Air travellers are in favour of a continuing ban on the use of mobile phones in aeroplanes, according to a survey commissioned by the Association of Flight Attendants (AFA).
Of the 702 people surveyed, 63 per cent opposed the lifting of mobile phone restrictions, while only 21 per cent wanted to use their phones during a flight. If the ban is lifted, 70 per cent would want separate 'non-phone' seating sections.
The principal objection to the use of phones in aeroplanes, according to the poll, is 'annoyance'.
"Clearly, air travellers understand that cell phones in the close quarters of a commercial aircraft would not only compromise their comfort but their safety as well," said Pat Friend, president of the AFA.
The use of mobile phones in mid air is currently banned because the signal allegedly interferes with navigation instruments. But the US Federal Aviation Commission and the European Commission are considering lifting the ban.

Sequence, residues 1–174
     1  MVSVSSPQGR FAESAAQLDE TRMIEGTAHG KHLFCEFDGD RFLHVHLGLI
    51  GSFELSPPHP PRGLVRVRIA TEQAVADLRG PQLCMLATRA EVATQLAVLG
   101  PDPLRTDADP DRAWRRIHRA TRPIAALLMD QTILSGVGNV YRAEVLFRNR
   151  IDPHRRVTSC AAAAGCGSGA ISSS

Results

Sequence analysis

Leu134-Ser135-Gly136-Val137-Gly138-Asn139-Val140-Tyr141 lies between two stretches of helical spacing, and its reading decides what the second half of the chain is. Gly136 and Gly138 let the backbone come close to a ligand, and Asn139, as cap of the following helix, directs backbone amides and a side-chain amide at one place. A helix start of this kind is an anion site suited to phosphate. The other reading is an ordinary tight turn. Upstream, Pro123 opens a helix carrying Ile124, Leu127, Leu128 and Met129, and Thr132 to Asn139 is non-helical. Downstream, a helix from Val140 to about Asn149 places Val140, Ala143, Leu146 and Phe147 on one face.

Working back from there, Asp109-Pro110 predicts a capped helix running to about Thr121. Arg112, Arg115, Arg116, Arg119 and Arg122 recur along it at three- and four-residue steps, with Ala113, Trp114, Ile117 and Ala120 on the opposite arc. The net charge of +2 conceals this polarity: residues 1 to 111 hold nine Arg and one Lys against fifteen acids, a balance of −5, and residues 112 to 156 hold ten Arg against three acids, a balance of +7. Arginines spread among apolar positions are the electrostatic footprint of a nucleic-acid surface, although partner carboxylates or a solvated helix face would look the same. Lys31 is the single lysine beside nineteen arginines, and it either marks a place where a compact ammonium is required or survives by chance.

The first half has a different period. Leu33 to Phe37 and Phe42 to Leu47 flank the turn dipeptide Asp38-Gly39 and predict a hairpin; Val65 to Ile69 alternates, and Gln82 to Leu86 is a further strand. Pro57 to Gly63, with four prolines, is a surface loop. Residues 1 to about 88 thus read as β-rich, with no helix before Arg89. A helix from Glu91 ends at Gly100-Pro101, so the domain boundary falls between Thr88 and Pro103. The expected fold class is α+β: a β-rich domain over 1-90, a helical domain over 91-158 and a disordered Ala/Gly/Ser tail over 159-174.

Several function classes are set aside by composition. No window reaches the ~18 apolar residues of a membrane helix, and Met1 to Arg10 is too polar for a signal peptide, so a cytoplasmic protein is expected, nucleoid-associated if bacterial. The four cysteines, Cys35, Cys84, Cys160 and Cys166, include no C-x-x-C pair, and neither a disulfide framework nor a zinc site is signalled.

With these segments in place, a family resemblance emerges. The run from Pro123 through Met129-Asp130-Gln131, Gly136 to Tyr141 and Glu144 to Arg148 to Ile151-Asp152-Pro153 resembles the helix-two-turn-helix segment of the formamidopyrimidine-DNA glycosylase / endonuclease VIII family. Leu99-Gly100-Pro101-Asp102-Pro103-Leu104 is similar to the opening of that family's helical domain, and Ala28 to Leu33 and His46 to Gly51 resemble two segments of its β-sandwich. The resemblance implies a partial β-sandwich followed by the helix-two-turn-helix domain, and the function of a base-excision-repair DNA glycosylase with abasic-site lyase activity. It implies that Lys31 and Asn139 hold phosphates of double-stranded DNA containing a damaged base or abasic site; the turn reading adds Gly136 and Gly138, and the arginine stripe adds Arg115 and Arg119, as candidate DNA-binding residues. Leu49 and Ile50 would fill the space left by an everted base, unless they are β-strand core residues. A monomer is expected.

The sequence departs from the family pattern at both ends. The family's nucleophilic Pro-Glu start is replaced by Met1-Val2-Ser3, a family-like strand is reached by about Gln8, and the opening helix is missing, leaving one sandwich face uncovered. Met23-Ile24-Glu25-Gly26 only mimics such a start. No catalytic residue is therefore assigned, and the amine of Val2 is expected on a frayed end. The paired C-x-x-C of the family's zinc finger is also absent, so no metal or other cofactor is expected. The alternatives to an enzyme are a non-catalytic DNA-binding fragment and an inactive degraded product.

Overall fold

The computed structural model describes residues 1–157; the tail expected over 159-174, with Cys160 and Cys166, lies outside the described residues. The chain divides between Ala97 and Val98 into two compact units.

By 2006 Airbus expects its planes to be equipped with wireless technology that allows for the use of mobile phones and computer equipment. Boeing already provides high speed Wi-Fi services on some aeroplanes for Lufthansa, SAS, Japan Airlines and ANA.
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